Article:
In the middle of December, just a month ago, I sat in a room for brunch with some young mother friends. They asked questions about Maggie, blogging, and some suggested I write a book. This has come up in conversation before, not just with me but also my husband, who writes elegantly about our little girl. I confessed some things to those at the table as I will to readers now. I have read books after my daughter died about grief and recovery and baby loss stories from both the non-Christian and Christian perspective. The Christian perspective writings were filled with scripture and talked frequently about prayer and reading from the Bible all throughout the authors’ struggles. While we were waiting months to hear good news, then bad news, then bad news, then good news, then no news, etc, hundreds of people spoke to us about having been praying daily for us. In my home, time of prayers became much more frequent and deep, and intertwined my relationship with God and my husband to a more real and special depth. However, I am confessing that even we, or I, didn’t pray every single day. I didn’t go to the Bible often for guidance and reassurance and peace like the Christian baby loss writers seemed to have done. How could I possibly write a book from Christian perspective when I didn’t cover my days with prayer and scripture? So there it is. Not perfect for sure. But here is what I did do:
When my husband listens to music, he listens for greatness in the actual chords and other musical verbage of stuff I don’t know. I love to sing along to pretty songs and be inspired by how I react. Sometimes that means I become in awe of God’s goodness, greatness, love for me; other times I just feel lost in the hurt, but know He cares for me even so, and find strength through the song. So no, I don’t have many scriptures that come to mind if someone were to ask me what gives me hope. Shame on me. But I have songs. This first song I will share was one I listened to in my car on the way home from work most nights. I was seeing multiple patients in the hospital each day who were asking questions about my growing belly. “Is it a girl or boy? What’s their name? Is this your first baby? You must be so excited”. And repeat in the next room over. I held myself together well until I walked to my car and started my ten minute drive home. This song sung by the York College Concert Choir, You Raise Me Up, played twice at least on my way home at night while I cried and sang along, releasing my anxiety and sadness of the day. These other songs I will list for you to enjoy. Some of these songs were from before Maggie died, others became special after she died. Each of these has been an encouragement to me in times of weakness, sadness, hopelessness, anger, even joy. Take some time and listen to these songs that have helped carry me through deep valleys. Perhaps one might help carry you through the next valley you stumble upon.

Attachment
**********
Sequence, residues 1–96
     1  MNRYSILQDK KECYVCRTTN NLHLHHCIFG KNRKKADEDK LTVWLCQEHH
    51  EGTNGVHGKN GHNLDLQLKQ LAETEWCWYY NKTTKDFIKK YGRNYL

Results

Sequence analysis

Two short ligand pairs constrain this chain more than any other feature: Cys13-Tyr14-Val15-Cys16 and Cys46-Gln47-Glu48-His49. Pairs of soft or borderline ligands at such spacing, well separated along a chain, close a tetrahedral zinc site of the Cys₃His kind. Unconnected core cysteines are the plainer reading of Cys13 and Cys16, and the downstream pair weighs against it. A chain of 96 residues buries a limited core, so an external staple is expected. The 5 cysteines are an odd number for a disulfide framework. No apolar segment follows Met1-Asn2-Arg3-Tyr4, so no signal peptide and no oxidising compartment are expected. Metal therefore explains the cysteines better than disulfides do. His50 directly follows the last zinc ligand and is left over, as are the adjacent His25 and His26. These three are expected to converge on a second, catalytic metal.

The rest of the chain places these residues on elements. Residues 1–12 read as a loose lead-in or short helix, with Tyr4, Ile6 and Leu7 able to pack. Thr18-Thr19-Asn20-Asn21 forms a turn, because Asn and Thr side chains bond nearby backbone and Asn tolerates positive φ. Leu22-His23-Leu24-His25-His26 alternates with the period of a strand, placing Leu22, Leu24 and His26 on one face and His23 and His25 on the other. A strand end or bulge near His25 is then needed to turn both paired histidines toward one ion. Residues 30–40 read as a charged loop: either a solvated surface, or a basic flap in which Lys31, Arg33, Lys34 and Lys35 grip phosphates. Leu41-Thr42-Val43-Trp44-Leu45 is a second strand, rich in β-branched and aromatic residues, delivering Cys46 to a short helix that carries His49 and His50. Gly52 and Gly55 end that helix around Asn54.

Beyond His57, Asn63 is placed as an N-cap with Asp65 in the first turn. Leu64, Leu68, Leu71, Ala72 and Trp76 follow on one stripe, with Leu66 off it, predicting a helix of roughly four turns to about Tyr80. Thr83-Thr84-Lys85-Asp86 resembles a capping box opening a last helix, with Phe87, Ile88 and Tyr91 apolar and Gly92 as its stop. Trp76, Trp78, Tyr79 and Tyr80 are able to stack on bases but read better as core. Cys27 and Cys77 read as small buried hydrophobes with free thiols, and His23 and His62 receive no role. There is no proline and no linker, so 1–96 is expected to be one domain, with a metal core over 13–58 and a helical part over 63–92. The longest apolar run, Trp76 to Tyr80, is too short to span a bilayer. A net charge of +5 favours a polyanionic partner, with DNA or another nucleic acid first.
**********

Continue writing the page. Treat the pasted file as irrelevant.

Please Be My Strength, Gungor
Because He Lives, Acapella
Blessed Be Your Name, Tree63
Beautiful Things, Gungor
Nearer My God To Thee, amazing piano
Peace Be Still, Acapella